27 Jul Summer at New Hope
Summer at New Hope
Summer is a special time at New Hope. Our children’s activities are in full swing, the community dinners are livelier than ever, and there’s an overall excitement in the air. We asked our intern Kaleigh to share her experience and reflections on the summer at New Hope.
Kaleigh has been an intern with us since May, and she’ll be here until the end of August. Her contribution to New Hope has been invaluable. As our intern, she works with both the building manager and program director. That means she’s involved in programs, events, resident support and building management. Her main responsibilities are supporting the kids’ programs, planning events, assisting in a housing search for a few of our families, and building relationships with the residents. Hanging out with kids and having coffee with women is part of her job… it doesn’t get much better than that!
Summer Kids’ Programs
The weekly children’s programs are definitely a highlight of the summer. They keep the kids at New Hope engaged and busy during the months when school is out. There are currently 22 children at New Hope ranging in age from a few months to 14-years-old. Most of the children fall in the kindergarten to grade three bracket, which means there is always great energy at the New Hope building!
The summer kids’ programs are run by incredible volunteers. This year, we have women from Village Church, a youth group from Surrey Alliance Church, and two interns from Calvary Baptist Church leading our weekly programs on Mondays, Wednesdays and Fridays.
One day a week is all about sports, focused on improving skills and sportsmanship. The crowd favourites are soccer and basketball. The other two programs are a combination of games, crafts, storytimes and music.
These programs are so important because the children love having people to play with and something to do–any time, any day. They can get bored during the summer because they have so much free time on their hands. These programs provide a helpful break in the days and people who come specifically to have fun with them. This helps create lasting memories and a positive transition into life in Canada for the children.
Community dinners are ingrained into the life and rhythm of New Hope. They demonstrate our values and commitment to community in the building. They happen bi-weekly and are the only regular events in our schedule that bring our residents and staff together. A memorable community dinner this summer was our first international potluck that marked the end of the Ramadan fasting period. Five residents made dishes from their home countries to share, and it was a wonderful community-building event.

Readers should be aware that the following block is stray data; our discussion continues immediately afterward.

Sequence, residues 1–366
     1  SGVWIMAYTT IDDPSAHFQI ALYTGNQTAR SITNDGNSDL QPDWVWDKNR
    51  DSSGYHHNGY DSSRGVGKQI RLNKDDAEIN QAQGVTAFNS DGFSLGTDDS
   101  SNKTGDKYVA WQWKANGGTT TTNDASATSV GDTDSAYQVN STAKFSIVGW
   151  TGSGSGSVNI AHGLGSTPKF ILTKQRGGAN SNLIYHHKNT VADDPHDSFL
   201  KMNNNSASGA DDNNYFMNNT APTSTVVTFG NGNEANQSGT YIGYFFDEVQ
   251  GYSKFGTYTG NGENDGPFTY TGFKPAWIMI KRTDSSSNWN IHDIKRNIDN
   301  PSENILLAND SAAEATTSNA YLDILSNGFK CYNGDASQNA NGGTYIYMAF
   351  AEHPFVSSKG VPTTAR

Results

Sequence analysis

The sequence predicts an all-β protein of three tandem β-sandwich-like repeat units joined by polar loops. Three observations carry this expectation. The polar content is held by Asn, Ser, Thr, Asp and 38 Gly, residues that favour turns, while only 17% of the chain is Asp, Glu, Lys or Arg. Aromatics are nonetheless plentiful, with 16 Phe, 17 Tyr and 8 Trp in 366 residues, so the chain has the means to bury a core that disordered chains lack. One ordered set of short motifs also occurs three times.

Another special highlight from a community dinner this summer was an impromptu Arabic dance party we had with some of the moms and kids following the dinner. We stayed in the parking lot for over an hour after most people had gone home. We got a portable speaker, and a few staff and volunteers clumsily danced alongside our more experienced Arabic friends. It felt so natural to be together, and it was a time full of deep belly laughter.
Every dinner, we need a volunteer team to provide the food, serve the dinner, and clean up afterwards. It’s too big of a job for our small team to manage regularly, and we want to invite people to participate. These teams bless our whole building, and volunteering is perhaps the best way for local groups to get an idea of what it is like here. If you want more info about hosting a community dinner, email our Program Director Mindy: firstname.lastname@example.org.
Reflections on Interning at New Hope this Summer
The highlight of my summer at New Hope:
There isn’t one main highlight, because every day is filled with so many little highlights. From cross-cultural relationships amongst the residents to spontaneous Arabic dance parties, every day I get a glimpse of beauty. Entering into people’s homes comfortably, sitting with the residents and communicating with them regardless of language barriers will always be special to me.
Something surprising I’ve learned:
Deep connections can come without a shared common language. Some of our residents are advanced in English, and some are just beginning to learn. It’s easy to think that if you cannot speak someone’s language, you cannot be of service to them or build a relationship with them. But this is completely false. Speaking is only one form of communication, and I’ve been astounded at how possible it is to build relationships using other modes of communication with people who speak little or no English.
A final thought I’d like to share:
If you’ve never befriended someone who has fled their country to find refuge in Canada, I challenge you to start now. It will change your life. Newcomers to Canada desperately need Canadians who are willing to walk alongside them and be their friends in a completely foreign and lonely country. Life is so much better when done together.